Risk factors for the disorder are experiencing dreadful events, history of mental illness, getting hurt, seeing close relatives being hurt or killed, feeling extremely helpless, or extreme fear and anxiety. Having lack of social support after the event, facing rising levels of stress after the event, such as permanent loss of a loved one, pain due to the event and physical injury of oneself, or loss of work or shelter may also lead to the condition.
Supportive factors that may reduce the risk of developing posttraumatic stress include calling for help from friends and family, finding a support group after the act or the event took place. One should be able to react and respond instead of being afraid.
Women are more commonly affected than men. More than 60% of men and women have one such experience in their life which gives a posttraumatic stress disorder-like effect. Around 80% of people both men and women have comorbid symptoms along with PTSD. Rape in women commonly leads to the condition whereas sexual abuse in men may produce lasting stress.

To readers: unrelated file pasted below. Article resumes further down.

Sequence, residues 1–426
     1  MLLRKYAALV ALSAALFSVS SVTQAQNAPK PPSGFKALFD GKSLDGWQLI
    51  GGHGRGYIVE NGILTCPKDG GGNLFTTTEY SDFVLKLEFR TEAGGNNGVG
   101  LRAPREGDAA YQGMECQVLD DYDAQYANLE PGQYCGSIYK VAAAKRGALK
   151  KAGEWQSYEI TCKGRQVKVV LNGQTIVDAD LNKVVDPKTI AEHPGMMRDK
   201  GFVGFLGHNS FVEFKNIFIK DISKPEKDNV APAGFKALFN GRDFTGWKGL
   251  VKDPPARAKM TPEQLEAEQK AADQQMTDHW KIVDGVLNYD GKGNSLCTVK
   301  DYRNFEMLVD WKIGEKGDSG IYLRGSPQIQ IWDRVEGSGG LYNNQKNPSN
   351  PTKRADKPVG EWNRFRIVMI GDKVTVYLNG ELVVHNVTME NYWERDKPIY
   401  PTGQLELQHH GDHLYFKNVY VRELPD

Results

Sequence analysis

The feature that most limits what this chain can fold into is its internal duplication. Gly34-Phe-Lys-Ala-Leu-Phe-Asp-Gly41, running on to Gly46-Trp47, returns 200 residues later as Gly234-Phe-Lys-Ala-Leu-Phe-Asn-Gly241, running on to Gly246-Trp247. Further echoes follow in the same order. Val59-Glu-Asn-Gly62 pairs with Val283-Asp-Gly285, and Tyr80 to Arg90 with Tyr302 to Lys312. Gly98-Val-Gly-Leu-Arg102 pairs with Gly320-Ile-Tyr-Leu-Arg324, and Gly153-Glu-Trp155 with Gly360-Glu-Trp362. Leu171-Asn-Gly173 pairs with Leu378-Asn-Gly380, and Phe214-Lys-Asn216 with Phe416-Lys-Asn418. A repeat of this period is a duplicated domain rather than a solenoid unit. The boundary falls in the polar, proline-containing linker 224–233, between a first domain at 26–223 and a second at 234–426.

The amygdala appears to be responsible for acquisition of fear or learning to fear an event (such as coming in contact with a hot object). Storing memories of such events that will again bring on the original fear response leads to posttraumatic stress. This type of fear involves the prefrontal cortex (PFC) area of the brain.
Individual differences in brain areas will still lead to the disorder without actually causing symptoms; this is called as subclinical posttraumatic stress disorder. Other factors like head injury or
history of mental illness or childhood trauma, further increase a person's risk by affecting the development and functioning of the brain.
Personality traits and cognitive factors, such as tendency to look at challenges in a positive or negative way, optimistic or pessimistic attitude and social factors such having a good family support and using a support group, influence an individual's response to traumatic stimuli.